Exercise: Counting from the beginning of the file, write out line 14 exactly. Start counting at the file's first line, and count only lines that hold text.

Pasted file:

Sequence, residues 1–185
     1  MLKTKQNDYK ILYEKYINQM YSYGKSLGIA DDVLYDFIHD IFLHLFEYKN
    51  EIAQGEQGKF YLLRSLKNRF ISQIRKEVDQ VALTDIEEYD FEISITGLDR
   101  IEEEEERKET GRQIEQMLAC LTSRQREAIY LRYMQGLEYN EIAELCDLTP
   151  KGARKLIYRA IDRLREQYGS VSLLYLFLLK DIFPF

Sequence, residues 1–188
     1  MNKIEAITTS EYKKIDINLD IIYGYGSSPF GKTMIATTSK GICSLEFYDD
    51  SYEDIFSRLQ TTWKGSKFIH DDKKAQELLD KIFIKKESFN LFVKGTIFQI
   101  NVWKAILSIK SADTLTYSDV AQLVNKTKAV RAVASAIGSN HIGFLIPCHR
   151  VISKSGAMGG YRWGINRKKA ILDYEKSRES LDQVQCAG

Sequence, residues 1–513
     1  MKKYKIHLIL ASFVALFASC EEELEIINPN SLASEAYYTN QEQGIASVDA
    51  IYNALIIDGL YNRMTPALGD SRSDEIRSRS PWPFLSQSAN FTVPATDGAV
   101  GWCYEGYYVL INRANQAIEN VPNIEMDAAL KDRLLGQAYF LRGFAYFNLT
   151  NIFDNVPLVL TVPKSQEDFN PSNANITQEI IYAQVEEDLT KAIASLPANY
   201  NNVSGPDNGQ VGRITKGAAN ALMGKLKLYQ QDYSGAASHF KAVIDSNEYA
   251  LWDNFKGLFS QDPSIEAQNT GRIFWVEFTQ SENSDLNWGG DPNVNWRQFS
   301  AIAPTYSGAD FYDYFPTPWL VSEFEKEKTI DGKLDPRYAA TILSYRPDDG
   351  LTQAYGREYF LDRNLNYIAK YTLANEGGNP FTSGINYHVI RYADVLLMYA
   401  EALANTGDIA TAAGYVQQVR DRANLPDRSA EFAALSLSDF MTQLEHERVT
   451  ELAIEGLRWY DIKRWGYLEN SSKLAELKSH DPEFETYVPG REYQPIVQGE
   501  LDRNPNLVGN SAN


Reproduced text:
   101  GWCYEGYYVL INRANQAIEN VPNIEMDAAL KDRLLGQAYF LRGFAYFNLT